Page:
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Presumably he means the French part of France. In Alsace-Moselle there is no such separation, with the old German law still applicable (I think to the point of the German text being the binding version).
by gk (gk (gk quattro due due sette @gmail.com)) on Wed Sep 5th, 2012 at 03:50:13 AM EST
Yes, I pointed out in the previous thread that priests are still on the government payroll there; this being a historical oddity (there are also differences in the social welfare regime) related to repeated 19th and 20th century border adjustment. In general I'm all in favour of colourful regional specificities, but if the 21st century turns out to be religious, as Malraux allegedly predicted, then it's more of a worrying precedent.

It is rightly acknowledged that people of faith have no monopoly of virtue - Queen Elizabeth II
by eurogreen on Wed Sep 5th, 2012 at 04:16:43 AM EST
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In Spain, the government pays "religion" [Catholic, of course] teachers' wages in the public school system, but the Conference of Bishops hires and fires them.

If you are not convinced, try it on someone who has not been entirely debauched by economics. — Piero Sraffa
by Carrie (migeru at eurotrib dot com) on Wed Sep 5th, 2012 at 04:46:49 AM EST
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But this is a result of the existence of a "Concordat" between "the Spanish State" and "the Vatican State".

It's slightly alien to the concepts of "secularization", "secular society (or non denominational policy)" and "freedom of conscience".

by PerCLupi on Thu Sep 6th, 2012 at 12:48:19 AM EST
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The Concordat is the typical form European Catholic countries' lack of separation between Church and State takes.

If you are not convinced, try it on someone who has not been entirely debauched by economics. — Piero Sraffa
by Carrie (migeru at eurotrib dot com) on Thu Sep 6th, 2012 at 01:54:34 AM EST
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Don't talk about the "French part of France" in Alsace-Moselle. People there feel French, have fought to be French, and don't like it when it looks like they are being called traitors and inferior citizens as their Frenchness is somehow contested...

Wind power
by Jerome a Paris (etg@eurotrib.com) on Wed Sep 5th, 2012 at 06:00:52 AM EST
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I don't usually talk like that, but since I was specifically referring to the fact that they still have German laws, it seemed appropriate. If they feel so strongly about it, why don't they adopt French laws?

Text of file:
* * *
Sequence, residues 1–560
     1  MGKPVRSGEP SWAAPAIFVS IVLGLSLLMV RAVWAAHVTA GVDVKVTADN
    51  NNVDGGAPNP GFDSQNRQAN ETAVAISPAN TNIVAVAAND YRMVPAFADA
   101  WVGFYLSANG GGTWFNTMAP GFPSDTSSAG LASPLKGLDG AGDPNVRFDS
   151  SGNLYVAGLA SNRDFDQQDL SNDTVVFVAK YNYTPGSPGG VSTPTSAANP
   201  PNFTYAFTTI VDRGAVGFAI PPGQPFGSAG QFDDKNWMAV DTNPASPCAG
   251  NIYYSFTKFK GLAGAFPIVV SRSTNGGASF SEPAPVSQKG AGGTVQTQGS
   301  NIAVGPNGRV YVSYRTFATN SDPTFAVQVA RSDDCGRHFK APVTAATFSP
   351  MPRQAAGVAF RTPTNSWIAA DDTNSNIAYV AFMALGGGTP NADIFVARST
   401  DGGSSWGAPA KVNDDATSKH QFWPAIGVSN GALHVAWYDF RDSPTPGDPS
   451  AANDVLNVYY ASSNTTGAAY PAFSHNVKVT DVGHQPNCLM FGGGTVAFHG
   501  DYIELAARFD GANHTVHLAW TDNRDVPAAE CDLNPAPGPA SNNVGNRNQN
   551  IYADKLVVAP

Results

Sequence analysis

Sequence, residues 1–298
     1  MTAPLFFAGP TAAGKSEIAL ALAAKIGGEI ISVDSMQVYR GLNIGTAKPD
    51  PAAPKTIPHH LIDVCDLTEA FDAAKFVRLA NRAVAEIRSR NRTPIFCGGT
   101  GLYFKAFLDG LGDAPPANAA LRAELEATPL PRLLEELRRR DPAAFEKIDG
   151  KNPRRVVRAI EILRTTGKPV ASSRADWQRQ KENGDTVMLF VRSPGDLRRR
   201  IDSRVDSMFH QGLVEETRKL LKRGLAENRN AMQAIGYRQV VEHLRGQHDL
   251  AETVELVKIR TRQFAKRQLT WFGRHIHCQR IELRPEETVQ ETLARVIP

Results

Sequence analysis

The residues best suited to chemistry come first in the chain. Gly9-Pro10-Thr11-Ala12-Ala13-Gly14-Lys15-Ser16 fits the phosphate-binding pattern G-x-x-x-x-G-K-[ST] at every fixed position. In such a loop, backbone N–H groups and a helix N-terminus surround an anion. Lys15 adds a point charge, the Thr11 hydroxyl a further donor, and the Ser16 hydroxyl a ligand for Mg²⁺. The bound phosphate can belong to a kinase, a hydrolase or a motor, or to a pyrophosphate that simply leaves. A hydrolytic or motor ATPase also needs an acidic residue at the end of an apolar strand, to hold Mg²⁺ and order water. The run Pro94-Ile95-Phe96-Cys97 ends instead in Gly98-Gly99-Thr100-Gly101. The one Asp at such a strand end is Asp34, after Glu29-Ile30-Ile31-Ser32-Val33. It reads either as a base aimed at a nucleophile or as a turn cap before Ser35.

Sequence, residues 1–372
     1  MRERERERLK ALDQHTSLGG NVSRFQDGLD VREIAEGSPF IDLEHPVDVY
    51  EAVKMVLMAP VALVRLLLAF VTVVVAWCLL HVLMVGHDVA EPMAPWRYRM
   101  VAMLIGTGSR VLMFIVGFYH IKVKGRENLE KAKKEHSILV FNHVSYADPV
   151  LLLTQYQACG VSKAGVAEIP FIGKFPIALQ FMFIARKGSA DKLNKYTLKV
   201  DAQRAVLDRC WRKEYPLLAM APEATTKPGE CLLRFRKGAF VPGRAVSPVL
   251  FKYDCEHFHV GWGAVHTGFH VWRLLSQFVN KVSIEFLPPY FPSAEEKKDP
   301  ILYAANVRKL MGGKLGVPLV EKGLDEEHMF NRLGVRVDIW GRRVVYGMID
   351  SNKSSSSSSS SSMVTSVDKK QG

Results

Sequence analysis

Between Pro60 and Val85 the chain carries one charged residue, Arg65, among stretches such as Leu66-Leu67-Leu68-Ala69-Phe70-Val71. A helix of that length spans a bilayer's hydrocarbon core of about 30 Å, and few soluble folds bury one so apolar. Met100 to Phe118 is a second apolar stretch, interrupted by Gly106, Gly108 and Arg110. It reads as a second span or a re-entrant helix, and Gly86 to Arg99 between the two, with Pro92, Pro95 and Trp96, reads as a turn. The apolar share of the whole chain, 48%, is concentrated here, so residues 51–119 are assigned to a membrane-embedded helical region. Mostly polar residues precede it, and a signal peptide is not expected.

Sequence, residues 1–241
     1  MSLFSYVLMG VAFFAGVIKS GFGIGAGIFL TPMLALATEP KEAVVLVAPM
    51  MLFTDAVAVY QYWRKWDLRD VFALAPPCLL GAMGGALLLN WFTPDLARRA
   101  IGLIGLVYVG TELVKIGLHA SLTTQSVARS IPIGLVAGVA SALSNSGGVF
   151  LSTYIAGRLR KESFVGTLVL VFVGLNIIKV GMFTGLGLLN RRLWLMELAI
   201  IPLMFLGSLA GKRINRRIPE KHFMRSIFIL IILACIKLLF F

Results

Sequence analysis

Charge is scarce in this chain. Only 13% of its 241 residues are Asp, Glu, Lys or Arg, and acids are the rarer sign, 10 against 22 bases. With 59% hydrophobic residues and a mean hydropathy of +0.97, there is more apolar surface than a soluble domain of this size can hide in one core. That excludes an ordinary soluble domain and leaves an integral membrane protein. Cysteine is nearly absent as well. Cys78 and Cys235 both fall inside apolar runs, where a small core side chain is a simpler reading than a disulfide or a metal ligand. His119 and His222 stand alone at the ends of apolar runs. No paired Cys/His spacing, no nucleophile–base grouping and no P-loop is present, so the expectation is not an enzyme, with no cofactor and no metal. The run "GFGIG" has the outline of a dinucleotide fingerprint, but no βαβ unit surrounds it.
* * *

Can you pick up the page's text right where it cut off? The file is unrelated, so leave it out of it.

by gk (gk (gk quattro due due sette @gmail.com)) on Wed Sep 5th, 2012 at 06:05:02 AM EST
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The best of two worlds.

After the first world war there demands of autonomy in alsace. French but different. They had a certain degree of autonomy in the late german period.

There was also this after the second world war:

http://en.wikipedia.org/wiki/Malgré-nous

Now that has abated because of the passage of time and the general decentralisation of France.

by IM on Wed Sep 5th, 2012 at 06:23:22 AM EST
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There is actually a wikipedia article on this:

http://en.wikipedia.org/wiki/Local_law_in_Alsace-Moselle

by IM on Wed Sep 5th, 2012 at 06:26:56 AM EST
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Interesting that the main difference is that preserving the power of the church.

Now I can sit back and watch the rest of you add 500 comments....

by gk (gk (gk quattro due due sette @gmail.com)) on Wed Sep 5th, 2012 at 06:37:47 AM EST
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Speaking of Germany, the back-and-forth development with regards to the separation of state and church there has to do with multiple religions (or sects if you will). Bismarck's Prussia was dominated by Lutherans, and as Prussia and its power grew, there was conflict with the ever more Catholic subjects and, more importantly, the Vatican. So the separation of state and church was launched by the Lutherna conservative elite to curb the Vatican's influence (this was the original Kulturkampf). However, eventually, the Catholics won overhand on the conservative side (Hitler came from the Catholic south too), and their party, the Centre Party, which started as Bismarck's most potent opposition, was then the main root of the West German CDU, which did it best to lessen the separation of church and state.

*Lunatic*, n.
One whose delusions are out of fashion.
by DoDo on Wed Sep 5th, 2012 at 08:59:56 AM EST
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